Our firm has reviewed and filed a number of cases involving leaking underground storage tank systems. Thousands of underground tanks containing gasoline, oil and other potentially toxic petroleum products are located at service stations throughout the state of Alabama. Over time, these underground storage tank systems can erode and develop leaks if they are not properly maintained, monitored, and replaced periodically. When these systems leak, petroleum contaminants can migrate through the soil and groundwater and damage private property or even harm nearby residents.
Our firm is currently working on a case in Tallapoosa County, Alabama, that provides an excellent example of just how devastating an underground storage tank leak can be. In January of last year, Allen Oil Company notified the Alabama Department of Environmental Management (ADEM) that its Allen’s Food Mart store in Alexander City had suffered a significant gasoline leak. When ADEM and emergency response officials arrived at the scene, they learned that over 54,000 gallons of gasoline had been released into the environment. Not only did the gasoline saturate our clients’ property, located downhill from Allen’s Food Mart but it also impacted Sugar Creek, which flows directly into Lake Martin.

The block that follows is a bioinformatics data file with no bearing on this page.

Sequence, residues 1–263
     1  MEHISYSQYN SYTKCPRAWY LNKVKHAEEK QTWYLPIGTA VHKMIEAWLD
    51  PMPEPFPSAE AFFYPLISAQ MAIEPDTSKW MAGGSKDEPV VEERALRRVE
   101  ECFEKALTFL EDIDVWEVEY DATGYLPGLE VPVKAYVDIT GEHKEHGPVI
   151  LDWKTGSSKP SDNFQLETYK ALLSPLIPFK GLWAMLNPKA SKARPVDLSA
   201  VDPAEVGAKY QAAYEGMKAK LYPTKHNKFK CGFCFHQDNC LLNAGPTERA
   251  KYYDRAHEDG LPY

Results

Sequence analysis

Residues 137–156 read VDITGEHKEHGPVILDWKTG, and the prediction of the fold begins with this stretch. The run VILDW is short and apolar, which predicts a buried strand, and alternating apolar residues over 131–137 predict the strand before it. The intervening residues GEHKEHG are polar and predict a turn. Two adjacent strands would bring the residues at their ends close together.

In order to try to curb the flow of gasoline into Sugar Creek and Lake Martin, ADEM directed emergency responders to dig an extensive network of trenches and erect other artificial barriers on our clients’ property. While these activities reduced the level of gasoline contaminants entering the creek, our clients’ property was completely devastated in the process. As a result, land that our clients and their families had owned for years was rendered completely worthless.
Unfortunately, underground storage tank leaks are not an isolated occurrence in Alabama. In fact, ADEM has over one thousand active underground storage tank leak sites currently under investigation throughout the state. In nearly every instance, those leaks could have been avoided with just a little bit of effort and preventive maintenance on the part of tank owners. Hopefully though, cases like this one will remind gas station tank owners that their right to sell gasoline in Alabama comes with a responsibility to protect the property and health of their neighbors. If you need additional information on anything mentioned above, contact Alyce Roberston or Chris Boutwell with our firm at 800-898-2034.
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